What's interesting in this study is how it highlights that data breaches are more costly in countries that have data breach disclosure laws, such as California's SB 1386. In the U.S., all but four states have a similar law. That could be why at $204 per record, the U.S. is 43 percent higher than the global average cost for data breaches this report found.
Germany ($177 per record) had similar beach laws go into effect last July, which may explain why it is the second most costly country to experience a breach. While no such data breach disclosure laws exist in Australia ($114), France ($119), and the UK ($98) - all of their costs, cited in parentheses, were below the global average.
"The over-arching conclusion from this study is the staggering impact that regulation has on escalating the cost of a data breach," said Dr. Larry Ponemon, chairman and founder of The Ponemon Institute, in a statement. "The U.S. figures are testament to this and it's clear that, as and when breach notification laws are introduced across the rest of the world, other countries will follow the same pattern and costs will rise," he said.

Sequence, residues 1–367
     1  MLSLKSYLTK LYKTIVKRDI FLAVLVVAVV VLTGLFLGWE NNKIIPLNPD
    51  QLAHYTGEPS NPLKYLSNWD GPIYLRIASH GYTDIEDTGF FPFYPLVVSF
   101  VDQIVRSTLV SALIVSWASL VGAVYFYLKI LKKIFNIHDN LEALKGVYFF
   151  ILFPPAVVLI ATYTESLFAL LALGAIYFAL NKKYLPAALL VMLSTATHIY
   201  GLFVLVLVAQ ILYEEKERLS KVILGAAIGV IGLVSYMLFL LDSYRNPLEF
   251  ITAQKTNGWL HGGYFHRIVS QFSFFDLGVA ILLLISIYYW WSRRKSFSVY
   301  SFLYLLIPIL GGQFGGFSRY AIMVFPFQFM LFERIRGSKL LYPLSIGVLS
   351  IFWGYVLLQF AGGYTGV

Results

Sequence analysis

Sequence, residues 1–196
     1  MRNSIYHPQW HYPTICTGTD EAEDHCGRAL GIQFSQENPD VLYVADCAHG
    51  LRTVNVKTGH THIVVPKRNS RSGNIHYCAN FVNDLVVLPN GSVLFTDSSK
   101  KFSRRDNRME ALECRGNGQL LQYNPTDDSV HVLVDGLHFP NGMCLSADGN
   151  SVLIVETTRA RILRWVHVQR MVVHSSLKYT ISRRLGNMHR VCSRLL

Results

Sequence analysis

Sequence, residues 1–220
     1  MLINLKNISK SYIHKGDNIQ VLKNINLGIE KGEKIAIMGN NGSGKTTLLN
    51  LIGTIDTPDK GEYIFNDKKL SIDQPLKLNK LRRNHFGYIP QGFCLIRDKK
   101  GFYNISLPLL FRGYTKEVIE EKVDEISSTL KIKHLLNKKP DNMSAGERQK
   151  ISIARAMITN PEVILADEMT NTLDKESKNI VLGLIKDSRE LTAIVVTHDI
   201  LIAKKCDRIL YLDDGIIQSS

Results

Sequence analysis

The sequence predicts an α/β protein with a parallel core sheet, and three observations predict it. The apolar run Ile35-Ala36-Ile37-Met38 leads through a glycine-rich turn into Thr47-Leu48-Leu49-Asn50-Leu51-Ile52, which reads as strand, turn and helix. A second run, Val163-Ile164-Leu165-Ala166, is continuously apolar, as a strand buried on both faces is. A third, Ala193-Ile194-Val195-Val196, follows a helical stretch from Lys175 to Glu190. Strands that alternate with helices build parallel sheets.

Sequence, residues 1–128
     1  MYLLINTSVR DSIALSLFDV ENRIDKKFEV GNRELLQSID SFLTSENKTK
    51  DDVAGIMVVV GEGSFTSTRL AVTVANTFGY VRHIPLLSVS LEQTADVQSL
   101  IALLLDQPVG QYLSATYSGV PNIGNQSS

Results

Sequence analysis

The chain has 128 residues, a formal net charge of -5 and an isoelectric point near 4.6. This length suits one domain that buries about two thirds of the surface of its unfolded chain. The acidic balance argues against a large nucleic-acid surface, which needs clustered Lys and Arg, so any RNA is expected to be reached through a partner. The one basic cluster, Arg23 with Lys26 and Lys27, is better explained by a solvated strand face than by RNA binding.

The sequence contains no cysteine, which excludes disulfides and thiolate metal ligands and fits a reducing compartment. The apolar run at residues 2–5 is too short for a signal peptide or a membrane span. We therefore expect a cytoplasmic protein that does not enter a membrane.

Nearly half of the cost of data breaches, 44 percent, is attributable to the cost of lost business.
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